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View Diary: Elena Kagan proves that DOMA's original intent was bigotry, not tradition (129 comments)

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  •  Well that's depressing (4+ / 0-)
    Recommended by:
    viral, pico, alice kleeman, mmacdDE

    So if my address says South Carolina but my marriage license says Massachusetts I'm SOL but if I move to Massachusetts or another state that allows same-sex marriage, all his well.

    So this would also be the case of a couple who resided in Massachusetts and got married. Now time passes and a spouse's company transfers them to a state that doesn't allow same-sex marriage. If they move they lose all the benefits of marriage.

    I may be overthinking this but there are way too many complications for marriage not to be a universal right.

    •  Not quite so depressing (2+ / 0-)
      Recommended by:
      BlueSue, True North

      Once you are legally married, merely moving your residence should not change that fact or work an "involuntary divorce" of sorts.  The new state of residence gives "full faith and credit" to the former state's marriage law, even if you could not in the same circumstances marry in the new state.

      •  Not necessary. There's the public policy (3+ / 0-)
        Recommended by:
        BlueSue, pico, mmacdDE

        exception to the FFC clause.  It's not a done deal.  Take pre-Loving Virginia.  They arrested the Lovings and banned them from the state.  Moving from one to another won't automatically force them to recognize it.

        One should no more deplore homosexuality than left-handedness. ~Towards a Quaker View of Sex, 1964 (Proud left-handed queer here!) SSP: wmlawman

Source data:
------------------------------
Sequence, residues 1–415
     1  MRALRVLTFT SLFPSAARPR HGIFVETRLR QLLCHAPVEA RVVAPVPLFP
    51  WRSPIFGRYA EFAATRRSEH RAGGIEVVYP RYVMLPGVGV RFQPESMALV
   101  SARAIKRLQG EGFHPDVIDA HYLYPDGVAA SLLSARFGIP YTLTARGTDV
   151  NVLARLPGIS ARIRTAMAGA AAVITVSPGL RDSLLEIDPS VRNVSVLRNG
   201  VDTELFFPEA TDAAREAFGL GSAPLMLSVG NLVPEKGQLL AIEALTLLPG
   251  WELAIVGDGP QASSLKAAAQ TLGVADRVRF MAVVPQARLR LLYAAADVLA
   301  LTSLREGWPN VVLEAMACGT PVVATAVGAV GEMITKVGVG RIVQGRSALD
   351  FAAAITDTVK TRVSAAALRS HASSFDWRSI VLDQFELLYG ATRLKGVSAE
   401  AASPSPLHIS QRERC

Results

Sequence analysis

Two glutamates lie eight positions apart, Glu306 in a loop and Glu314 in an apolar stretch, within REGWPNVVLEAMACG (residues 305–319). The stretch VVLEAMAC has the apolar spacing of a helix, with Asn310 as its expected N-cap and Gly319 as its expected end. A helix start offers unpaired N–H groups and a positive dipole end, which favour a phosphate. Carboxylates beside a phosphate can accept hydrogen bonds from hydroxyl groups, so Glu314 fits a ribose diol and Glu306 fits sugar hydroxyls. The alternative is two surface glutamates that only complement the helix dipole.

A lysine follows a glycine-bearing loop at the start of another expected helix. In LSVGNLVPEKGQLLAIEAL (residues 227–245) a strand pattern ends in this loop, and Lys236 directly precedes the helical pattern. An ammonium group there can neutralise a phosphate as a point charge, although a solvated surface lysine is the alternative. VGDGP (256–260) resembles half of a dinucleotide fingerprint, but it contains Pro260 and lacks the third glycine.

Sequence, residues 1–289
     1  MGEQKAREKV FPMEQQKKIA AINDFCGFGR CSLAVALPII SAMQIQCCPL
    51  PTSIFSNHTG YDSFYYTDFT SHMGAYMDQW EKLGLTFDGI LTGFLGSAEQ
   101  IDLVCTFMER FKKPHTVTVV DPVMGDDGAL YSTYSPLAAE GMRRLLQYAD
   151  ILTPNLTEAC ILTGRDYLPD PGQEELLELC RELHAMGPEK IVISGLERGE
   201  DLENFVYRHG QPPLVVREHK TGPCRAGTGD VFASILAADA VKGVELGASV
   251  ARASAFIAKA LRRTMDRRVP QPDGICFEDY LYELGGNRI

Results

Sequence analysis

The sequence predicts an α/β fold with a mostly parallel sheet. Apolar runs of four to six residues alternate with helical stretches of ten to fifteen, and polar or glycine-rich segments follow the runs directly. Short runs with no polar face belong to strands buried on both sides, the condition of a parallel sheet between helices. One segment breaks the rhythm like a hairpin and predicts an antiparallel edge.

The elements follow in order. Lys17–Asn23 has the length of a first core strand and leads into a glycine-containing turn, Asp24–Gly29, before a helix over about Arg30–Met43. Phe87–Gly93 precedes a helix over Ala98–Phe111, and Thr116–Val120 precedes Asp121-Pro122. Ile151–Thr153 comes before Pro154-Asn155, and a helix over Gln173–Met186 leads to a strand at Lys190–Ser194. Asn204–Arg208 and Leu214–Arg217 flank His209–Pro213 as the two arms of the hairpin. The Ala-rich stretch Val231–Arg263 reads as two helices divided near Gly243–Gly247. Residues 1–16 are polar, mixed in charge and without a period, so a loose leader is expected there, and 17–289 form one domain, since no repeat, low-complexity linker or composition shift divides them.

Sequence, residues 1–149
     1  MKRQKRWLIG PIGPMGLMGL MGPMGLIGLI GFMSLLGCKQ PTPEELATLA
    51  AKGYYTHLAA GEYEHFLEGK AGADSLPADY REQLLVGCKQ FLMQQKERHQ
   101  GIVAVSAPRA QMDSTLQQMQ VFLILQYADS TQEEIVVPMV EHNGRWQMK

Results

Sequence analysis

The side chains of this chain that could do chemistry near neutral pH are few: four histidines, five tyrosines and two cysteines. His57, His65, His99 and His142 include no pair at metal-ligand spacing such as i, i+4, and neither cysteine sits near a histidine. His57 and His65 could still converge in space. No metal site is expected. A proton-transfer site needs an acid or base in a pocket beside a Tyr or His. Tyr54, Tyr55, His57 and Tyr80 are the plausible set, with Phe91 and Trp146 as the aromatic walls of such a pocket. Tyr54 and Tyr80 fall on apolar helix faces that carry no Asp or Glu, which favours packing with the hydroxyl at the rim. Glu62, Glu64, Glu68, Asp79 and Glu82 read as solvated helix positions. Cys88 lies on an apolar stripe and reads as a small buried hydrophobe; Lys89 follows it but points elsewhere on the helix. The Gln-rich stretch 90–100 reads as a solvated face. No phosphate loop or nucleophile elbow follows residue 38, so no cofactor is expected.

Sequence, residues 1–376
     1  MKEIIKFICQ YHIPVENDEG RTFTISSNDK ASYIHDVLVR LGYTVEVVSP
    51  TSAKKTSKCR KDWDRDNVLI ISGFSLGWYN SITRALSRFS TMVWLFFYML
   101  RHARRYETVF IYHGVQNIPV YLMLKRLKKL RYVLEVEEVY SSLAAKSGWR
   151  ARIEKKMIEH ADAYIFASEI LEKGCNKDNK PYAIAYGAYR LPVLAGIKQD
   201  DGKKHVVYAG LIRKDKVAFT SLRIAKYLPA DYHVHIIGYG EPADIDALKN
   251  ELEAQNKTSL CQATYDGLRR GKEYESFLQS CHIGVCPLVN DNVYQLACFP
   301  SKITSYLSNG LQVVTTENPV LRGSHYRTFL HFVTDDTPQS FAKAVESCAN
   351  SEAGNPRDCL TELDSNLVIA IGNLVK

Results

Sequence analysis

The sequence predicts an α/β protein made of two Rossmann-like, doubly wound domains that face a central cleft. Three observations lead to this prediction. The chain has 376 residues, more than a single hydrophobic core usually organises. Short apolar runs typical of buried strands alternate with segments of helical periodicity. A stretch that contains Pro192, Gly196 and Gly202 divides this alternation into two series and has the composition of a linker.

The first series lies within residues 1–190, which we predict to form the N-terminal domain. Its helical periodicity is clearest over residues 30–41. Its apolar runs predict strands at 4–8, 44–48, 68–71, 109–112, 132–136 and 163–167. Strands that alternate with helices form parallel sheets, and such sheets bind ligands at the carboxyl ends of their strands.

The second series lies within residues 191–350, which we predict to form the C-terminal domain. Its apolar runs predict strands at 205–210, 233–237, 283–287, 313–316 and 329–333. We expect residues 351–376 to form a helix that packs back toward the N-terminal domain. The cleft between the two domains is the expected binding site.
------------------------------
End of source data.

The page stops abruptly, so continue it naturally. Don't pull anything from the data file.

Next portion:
by AUBoy2007 on Wed Mar 27, 2013 at 01:57:57 PM PDT

        [ Parent ]

        •  It won't UNLESS (0+ / 0-)

          The sc rules that states must abide by the full faith and credit clause of the constitution and recognize all LEGAL marriages, regardless of where they were performed.

          A straight couple can get married in canada, or Jamaica, or Mexico, or the Bahamas and there's no question that they're legally married. A gay couple that gets married in Canada, and they might as well not have bothered UNLESS they live in a state that recognizes it.

          That's crazy, and that's exactly the situation that was supposedly resolved by Loving.

          Which was, IMHO, the most appropriately named case ever decided by the court.

    •  No, if legally married in MA, SC *MUST* recognize (5+ / 0-)

      the marriage. You would certainly have a "Federal Case." Article 4 of the Constitution (not even one of those pesky Amendments) requires

      "Full Faith and Credit shall be given in each State to the public Acts, Records, and judicial Proceedings of every other State. And the Congress may by general Laws prescribe the Manner in which such Acts, Records and Proceedings shall be proved, and the Effect thereof."
      If you are denied any benefits due to different-gendered couples, then you can (and should) sue. The state may prevent same-gendered couples from marrying IN the state, but they can't ignore the legal act of another state.
    •  on a related note (0+ / 0-)

      Apparently 19 states + DC allow first cousins to marry. I know this isn't a DOMA issue, but will the feds recognize that marriage if they move to one of the 31 other states?

      And then there's the whole minors getting married thing.

      These capitalists generally act harmoniously and in concert, to fleece the people... -Abraham Lincoln

      by HugoDog on Wed Mar 27, 2013 at 02:23:29 PM PDT

      [ Parent ]

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